Abbaye de Villers-Canivet

14420, Villers-Canivet
  • Visitable

Introduction

In this closed court of 5000 m2 are arranged in the south: a main building of 75 m of length with porterie, cellars, cellars, charreterie, dwelling, and on the other sides, other barns, the tithe barn and the home priests. These buildings, from the thirteenth to the nineteenth century, constitute the barnyard of the abbey.

History and famous characters

Founded by Roger de Montbray, lord of one of the most famous and most powerful families of England, the priory of Villers - Canivet was affiliated to the order of Cîteaux in 1147 with all the congregation of Savigny to which he belonged during its foundation in 1127.

In 1203 John Lackland, King of England and Duke of Normandy, took under his protection the priory of Villers. In 1221 and 1222, Philippe Auguste will grant this favor to Clairvaux and the houses that depended on it, such as Villers. During his visit to Falaise, in 1256, Saint Louis assured the community of the possession of all the donations which had been made to him, and of all the prerogatives which they enjoyed. In 1277, Philip the Fair confirmed by letter all the donations made to the nuns.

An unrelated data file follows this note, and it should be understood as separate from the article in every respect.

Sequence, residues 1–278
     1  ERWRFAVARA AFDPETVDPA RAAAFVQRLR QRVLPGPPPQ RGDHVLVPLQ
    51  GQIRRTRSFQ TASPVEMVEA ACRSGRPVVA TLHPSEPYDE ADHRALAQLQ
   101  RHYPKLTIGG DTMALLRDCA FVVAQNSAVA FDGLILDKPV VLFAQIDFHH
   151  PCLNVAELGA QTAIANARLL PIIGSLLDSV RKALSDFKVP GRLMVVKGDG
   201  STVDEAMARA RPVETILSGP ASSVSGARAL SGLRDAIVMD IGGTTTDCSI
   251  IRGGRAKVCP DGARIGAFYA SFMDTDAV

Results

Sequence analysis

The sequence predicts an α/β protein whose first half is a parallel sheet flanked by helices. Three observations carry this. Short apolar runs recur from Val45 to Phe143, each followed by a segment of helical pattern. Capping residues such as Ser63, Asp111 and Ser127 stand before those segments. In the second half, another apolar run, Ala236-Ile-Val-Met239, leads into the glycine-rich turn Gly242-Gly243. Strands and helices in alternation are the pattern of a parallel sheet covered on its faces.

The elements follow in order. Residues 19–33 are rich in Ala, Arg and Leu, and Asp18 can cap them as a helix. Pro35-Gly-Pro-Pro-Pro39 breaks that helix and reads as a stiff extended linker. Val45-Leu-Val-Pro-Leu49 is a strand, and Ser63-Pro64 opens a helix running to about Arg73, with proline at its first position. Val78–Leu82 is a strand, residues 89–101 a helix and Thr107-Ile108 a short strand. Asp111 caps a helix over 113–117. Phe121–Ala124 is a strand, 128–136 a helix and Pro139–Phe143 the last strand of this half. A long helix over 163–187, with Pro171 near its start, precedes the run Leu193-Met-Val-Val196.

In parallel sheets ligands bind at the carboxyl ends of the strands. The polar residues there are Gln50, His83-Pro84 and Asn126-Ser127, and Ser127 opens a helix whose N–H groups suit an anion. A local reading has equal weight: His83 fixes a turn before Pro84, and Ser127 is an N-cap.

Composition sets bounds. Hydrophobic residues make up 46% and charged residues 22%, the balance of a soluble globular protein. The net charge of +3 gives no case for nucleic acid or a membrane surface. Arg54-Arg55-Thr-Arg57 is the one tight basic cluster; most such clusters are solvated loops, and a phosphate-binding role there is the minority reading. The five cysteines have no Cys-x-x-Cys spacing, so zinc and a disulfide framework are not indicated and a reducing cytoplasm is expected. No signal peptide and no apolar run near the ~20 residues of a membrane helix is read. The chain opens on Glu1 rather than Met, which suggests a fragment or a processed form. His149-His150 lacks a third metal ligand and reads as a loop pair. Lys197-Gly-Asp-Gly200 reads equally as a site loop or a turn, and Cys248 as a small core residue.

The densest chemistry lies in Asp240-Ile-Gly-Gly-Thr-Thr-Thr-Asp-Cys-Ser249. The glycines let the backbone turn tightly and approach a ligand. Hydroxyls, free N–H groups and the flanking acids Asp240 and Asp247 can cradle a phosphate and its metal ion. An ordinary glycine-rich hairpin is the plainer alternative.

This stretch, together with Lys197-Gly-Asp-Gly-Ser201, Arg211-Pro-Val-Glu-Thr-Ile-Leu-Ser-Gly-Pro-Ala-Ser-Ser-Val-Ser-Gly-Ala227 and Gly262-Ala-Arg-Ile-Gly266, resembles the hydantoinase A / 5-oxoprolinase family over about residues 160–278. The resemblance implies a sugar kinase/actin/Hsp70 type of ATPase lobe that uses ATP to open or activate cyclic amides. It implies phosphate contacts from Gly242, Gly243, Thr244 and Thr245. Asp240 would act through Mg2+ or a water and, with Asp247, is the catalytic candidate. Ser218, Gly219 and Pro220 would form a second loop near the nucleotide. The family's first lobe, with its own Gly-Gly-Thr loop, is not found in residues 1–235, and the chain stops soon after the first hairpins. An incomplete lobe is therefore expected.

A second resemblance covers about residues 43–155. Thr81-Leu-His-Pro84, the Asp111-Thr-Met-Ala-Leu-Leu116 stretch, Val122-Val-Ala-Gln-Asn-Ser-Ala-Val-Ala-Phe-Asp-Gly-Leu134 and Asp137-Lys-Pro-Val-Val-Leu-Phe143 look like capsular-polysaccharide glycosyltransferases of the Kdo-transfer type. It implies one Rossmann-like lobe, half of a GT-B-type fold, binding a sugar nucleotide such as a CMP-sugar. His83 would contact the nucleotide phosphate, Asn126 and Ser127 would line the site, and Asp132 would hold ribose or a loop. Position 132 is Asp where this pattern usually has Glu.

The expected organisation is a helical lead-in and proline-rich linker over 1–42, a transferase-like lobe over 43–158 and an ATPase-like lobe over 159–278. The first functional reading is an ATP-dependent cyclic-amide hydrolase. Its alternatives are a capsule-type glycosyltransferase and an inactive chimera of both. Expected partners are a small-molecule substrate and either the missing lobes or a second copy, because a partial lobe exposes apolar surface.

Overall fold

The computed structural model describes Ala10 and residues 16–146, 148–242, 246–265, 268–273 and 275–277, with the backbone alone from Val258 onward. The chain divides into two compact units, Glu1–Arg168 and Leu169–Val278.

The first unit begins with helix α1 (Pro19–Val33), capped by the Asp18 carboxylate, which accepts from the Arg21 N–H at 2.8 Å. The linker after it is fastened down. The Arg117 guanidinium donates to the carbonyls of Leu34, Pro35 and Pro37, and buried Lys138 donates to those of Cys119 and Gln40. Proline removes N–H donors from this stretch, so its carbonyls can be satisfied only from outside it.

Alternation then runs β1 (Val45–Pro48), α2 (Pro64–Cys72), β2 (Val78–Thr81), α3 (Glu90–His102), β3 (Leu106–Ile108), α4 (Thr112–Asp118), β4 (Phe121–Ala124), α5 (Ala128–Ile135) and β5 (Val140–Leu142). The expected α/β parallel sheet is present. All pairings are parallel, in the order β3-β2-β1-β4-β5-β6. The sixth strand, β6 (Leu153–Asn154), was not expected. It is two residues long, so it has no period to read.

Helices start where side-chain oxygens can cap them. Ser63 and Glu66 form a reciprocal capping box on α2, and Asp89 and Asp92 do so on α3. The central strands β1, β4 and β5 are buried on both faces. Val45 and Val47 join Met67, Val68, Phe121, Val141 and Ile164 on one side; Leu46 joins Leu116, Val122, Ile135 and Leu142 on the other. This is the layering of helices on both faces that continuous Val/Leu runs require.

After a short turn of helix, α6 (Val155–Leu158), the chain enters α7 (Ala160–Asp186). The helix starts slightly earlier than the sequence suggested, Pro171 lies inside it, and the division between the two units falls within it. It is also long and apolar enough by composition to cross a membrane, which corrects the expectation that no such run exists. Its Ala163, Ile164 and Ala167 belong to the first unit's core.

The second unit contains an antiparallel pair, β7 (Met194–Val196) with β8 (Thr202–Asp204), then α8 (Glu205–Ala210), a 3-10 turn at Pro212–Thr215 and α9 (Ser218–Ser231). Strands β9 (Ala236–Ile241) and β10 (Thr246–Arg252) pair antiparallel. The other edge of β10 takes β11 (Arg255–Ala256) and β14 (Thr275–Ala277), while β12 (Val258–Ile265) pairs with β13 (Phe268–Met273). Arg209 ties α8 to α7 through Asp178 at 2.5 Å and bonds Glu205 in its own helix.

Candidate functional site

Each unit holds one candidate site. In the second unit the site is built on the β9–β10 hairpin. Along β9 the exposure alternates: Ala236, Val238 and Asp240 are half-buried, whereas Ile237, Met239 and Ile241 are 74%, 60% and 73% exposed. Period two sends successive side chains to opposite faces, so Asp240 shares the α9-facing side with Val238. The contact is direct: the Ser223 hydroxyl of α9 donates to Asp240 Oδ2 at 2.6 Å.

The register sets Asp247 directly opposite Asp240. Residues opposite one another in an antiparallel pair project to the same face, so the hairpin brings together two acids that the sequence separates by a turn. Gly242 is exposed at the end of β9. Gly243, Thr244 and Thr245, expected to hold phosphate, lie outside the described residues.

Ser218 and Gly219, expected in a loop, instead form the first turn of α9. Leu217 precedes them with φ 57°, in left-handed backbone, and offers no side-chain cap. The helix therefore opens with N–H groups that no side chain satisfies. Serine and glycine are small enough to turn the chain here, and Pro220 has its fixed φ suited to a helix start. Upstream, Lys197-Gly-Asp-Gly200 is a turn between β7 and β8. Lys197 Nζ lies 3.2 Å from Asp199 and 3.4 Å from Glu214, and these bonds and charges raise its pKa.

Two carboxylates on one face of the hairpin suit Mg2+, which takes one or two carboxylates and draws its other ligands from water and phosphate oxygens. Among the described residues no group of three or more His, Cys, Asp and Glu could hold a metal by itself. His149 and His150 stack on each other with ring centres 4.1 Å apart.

Despite the difficulties affecting the entire Order, Villers-Canivet had become a place of pilgrimage for the faithful who sought the purification of their souls. In 1369, the bishop of Sees granted 20 days of indulgences to the pilgrims who will visit and make oblations to the priory, in consideration of one of the bodies of the Eleven Thousand Virgins, deposited in the church, as well as in the honor of the milk of the Virgin Mary, enclosed in a vase enriched with sapphires

My castle is visitable

May 1st to 3rd week of September: guided tours every day from 2 pm to 6 pm except Monday and Tuesday.
(Open on public holidays) - Visit possible monday and tuesday by appointment: call

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Spoken languages: French